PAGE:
Emily Wardill's latest film, Sick Serena and Dregs and Wreck and Wreck ' a Film London Artist's Moving Image Network and Picture This co-production produced as part of the Bristol Mean Time residency ' takes audiences into dark allegorical scenes depicting religious iconography, outmoded superstition and slapstick comedy.
Sick Serena and Dregs and Wreck and Wreck employs imagery from British ecclesiastic stained glass to create a visually and conceptually rich, dense and multi-layered film. The references Pier Paolo Pasolini's controversial 1963 short film La Ricotta, (for which he was imprisoned for blasphemy on the basis of 'enacting' a religious scene as a comedy sketch) The scenes that unfold invoke both a sense of unease and amusement.
The bold colours and dramatic compositions of stained glass are echoed within the film's series of seemingly unrelated scenes. Characters inhabit a world of allegory and slapstick within a constructed set that lies somewhere between medieval imagery, cubist and fauvist painting and the modern-day office. A soundtrack of 12 th century choral music juxtaposed with dance hall beats, spoken dialogue and voice-overs becomes an additional discordant layer. In this world characters turn from stained glass to humans to paper and back again. They speak theatrically - slowly, stilted and with precision, with a careful vernacular punctuated by contemporary references.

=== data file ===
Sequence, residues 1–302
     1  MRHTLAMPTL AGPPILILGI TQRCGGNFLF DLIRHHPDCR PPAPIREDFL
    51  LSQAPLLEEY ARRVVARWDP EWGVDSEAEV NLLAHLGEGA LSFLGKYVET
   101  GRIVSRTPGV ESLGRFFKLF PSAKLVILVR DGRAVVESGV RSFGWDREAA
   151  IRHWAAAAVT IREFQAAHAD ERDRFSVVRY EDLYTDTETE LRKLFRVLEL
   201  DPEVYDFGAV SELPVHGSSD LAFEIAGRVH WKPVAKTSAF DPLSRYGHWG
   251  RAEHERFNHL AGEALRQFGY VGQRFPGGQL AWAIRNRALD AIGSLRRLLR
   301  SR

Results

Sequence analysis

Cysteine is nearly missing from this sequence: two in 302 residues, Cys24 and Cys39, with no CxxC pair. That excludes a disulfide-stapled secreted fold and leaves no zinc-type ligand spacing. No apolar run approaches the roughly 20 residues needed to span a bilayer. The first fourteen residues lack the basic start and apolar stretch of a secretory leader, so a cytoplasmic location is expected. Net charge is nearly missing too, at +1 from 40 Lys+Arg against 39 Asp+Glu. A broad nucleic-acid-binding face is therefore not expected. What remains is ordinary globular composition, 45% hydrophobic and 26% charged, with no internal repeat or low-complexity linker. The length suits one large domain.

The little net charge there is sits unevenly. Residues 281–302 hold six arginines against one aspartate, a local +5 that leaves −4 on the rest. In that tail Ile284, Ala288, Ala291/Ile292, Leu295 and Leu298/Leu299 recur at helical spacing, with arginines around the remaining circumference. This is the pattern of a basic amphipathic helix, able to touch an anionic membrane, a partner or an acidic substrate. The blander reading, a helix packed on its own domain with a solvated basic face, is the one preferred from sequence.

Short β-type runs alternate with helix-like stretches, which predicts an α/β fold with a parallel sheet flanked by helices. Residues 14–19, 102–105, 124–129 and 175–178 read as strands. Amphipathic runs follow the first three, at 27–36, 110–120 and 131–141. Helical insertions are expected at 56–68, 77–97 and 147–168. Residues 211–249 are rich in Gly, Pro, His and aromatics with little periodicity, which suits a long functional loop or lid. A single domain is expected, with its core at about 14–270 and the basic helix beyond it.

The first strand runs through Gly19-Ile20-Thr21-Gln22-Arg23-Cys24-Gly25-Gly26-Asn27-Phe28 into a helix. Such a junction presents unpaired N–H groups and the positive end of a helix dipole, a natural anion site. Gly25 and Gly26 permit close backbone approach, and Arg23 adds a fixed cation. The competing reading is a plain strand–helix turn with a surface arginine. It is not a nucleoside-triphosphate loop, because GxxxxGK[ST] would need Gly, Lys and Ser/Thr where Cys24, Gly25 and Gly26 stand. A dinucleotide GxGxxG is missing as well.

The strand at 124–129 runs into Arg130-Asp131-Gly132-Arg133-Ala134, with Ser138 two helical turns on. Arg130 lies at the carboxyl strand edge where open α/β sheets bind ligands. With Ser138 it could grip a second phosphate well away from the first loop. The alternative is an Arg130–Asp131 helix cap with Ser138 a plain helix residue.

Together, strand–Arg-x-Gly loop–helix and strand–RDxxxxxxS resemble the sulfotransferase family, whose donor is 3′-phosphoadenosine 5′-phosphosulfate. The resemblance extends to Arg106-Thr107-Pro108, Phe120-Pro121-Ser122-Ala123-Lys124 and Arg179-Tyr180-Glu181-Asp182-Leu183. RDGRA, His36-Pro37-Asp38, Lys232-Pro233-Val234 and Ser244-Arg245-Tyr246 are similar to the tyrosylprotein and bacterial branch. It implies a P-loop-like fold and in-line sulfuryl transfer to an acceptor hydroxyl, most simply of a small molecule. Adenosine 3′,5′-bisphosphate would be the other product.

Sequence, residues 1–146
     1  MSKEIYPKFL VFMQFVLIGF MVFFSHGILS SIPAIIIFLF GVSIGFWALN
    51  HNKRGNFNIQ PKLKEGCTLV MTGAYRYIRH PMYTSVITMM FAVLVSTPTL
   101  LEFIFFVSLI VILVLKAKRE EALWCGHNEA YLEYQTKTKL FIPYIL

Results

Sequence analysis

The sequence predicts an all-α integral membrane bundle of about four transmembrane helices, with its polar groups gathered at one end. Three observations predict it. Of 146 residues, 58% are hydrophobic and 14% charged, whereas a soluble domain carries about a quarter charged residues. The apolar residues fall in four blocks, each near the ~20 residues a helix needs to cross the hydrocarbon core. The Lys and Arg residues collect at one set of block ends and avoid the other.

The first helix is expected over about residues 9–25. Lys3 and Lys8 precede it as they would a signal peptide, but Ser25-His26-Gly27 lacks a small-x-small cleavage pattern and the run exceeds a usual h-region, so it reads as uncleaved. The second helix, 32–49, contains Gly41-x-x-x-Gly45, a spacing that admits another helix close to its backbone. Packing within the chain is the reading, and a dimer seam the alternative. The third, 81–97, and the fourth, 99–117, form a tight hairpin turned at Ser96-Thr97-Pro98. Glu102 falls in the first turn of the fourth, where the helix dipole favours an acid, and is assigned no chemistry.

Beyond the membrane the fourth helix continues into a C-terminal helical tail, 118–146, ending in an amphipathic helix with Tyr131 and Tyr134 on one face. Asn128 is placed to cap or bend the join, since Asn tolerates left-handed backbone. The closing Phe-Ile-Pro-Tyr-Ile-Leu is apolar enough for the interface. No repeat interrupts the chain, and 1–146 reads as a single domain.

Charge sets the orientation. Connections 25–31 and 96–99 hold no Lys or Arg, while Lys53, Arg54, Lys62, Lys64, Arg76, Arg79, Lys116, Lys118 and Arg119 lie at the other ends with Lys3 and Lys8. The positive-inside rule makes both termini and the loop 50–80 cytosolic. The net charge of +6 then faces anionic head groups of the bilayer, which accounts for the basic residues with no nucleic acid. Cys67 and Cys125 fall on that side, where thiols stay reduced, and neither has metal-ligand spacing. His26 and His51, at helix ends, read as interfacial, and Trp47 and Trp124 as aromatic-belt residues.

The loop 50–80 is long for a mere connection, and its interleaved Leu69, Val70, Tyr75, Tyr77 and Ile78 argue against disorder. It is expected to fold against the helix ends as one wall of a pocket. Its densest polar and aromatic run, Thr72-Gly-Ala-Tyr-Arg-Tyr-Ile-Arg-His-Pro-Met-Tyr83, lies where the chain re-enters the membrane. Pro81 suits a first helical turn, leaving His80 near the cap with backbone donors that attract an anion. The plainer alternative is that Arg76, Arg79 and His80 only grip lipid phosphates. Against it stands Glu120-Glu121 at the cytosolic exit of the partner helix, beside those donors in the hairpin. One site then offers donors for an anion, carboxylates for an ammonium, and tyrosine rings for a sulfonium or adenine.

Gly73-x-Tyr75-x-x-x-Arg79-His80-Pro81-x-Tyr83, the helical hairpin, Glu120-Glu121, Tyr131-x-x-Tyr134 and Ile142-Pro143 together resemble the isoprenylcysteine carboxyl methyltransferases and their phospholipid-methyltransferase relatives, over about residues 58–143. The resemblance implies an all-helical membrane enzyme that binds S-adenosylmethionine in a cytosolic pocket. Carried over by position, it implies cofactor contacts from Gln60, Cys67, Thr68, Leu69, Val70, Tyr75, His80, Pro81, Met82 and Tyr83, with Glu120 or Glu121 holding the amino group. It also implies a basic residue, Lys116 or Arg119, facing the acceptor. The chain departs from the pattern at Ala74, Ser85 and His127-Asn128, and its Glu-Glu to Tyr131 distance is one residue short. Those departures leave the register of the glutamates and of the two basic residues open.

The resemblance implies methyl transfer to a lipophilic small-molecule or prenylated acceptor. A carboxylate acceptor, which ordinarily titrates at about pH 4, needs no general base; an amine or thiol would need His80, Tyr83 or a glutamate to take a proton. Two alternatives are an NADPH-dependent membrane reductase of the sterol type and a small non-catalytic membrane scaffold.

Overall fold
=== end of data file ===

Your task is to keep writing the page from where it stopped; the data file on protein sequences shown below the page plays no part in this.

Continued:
The film's use of many different and often contradictory references, its clash of opulence and low-fi and the use of unexpected dialogue all catch audiences off guard.
A specially commissioned essay by Ian White, independent curator and writer and Adjunct Film Curator for Whitechapel Gallery, London accompanies the exhibition.